I’m eating a chocolate truffle from Bernachon, the world-famous chocolatier in Lyon. It’s rich, buttery and decadent, and while not excessive, it’s very ample and intense, and projects a feeling of abundance. In this it seems to personify the very spirit of that city of gastronomy. In contrast, the truffles from my favorite chocolatier in Paris, Jean-Paul Hévin, seem to embody the Parisian ideal – in a colder, more reserved, more northerly city, the chocolate exhibits a greater sense of restraint, nuance and elegance. Is this a sort of terroir? Can the regional sensibilities of a people be identified and referenced in the same manner as we do the characters of soil and slope and climate?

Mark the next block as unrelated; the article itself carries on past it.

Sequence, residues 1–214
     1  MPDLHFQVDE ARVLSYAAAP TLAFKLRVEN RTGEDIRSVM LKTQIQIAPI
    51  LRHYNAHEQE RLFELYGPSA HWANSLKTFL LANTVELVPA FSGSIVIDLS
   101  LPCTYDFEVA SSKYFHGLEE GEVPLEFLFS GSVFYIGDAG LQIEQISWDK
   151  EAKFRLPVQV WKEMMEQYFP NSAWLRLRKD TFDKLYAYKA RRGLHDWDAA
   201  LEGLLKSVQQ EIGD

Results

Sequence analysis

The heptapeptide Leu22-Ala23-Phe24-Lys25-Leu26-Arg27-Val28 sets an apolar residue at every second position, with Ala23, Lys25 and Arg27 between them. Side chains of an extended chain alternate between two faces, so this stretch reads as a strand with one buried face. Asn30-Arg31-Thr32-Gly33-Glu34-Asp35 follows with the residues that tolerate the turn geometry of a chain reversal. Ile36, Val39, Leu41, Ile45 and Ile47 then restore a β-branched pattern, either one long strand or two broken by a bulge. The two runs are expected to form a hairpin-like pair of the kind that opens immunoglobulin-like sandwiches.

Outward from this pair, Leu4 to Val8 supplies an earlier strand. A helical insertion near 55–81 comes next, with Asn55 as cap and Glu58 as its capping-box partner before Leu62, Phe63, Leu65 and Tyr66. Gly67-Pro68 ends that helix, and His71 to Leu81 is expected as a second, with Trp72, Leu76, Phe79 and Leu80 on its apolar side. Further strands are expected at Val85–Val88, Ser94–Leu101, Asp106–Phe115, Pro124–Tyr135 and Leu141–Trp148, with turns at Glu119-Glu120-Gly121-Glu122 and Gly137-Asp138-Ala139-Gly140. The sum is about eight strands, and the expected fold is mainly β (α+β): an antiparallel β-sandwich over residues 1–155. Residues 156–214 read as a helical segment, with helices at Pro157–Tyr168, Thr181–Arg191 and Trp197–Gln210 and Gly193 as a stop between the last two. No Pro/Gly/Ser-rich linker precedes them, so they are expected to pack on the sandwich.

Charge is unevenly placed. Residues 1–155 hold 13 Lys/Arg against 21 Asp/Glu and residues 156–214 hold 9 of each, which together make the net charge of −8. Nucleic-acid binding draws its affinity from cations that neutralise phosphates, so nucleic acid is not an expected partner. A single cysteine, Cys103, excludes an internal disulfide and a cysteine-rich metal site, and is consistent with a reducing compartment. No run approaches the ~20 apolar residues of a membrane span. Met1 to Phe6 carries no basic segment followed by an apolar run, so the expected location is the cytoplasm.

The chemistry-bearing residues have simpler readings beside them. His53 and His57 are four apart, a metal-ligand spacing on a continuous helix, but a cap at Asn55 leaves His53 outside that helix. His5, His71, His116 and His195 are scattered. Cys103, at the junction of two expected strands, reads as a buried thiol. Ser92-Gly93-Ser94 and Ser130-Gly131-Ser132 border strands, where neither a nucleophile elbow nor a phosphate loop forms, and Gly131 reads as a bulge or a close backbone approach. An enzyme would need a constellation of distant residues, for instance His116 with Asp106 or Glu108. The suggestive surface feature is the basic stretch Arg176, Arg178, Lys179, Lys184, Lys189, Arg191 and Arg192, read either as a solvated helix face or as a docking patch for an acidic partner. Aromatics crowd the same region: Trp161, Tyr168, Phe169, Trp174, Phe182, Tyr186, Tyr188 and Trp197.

(By the way, whether one prefers the Bernachon or the Hévin is a matter of taste – they’re both top class. I’m more of a northerly sort of guy myself.)